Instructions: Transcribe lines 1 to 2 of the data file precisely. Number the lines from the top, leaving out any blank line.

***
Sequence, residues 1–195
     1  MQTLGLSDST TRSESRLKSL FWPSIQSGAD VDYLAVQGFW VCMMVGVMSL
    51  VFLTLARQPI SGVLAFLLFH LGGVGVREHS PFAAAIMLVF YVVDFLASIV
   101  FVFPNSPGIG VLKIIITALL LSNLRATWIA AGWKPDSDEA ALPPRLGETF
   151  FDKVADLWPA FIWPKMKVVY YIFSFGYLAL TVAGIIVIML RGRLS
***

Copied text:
Sequence, residues 1–195
     1  MQTLGLSDST TRSESRLKSL FWPSIQSGAD VDYLAVQGFW VCMMVGVMSL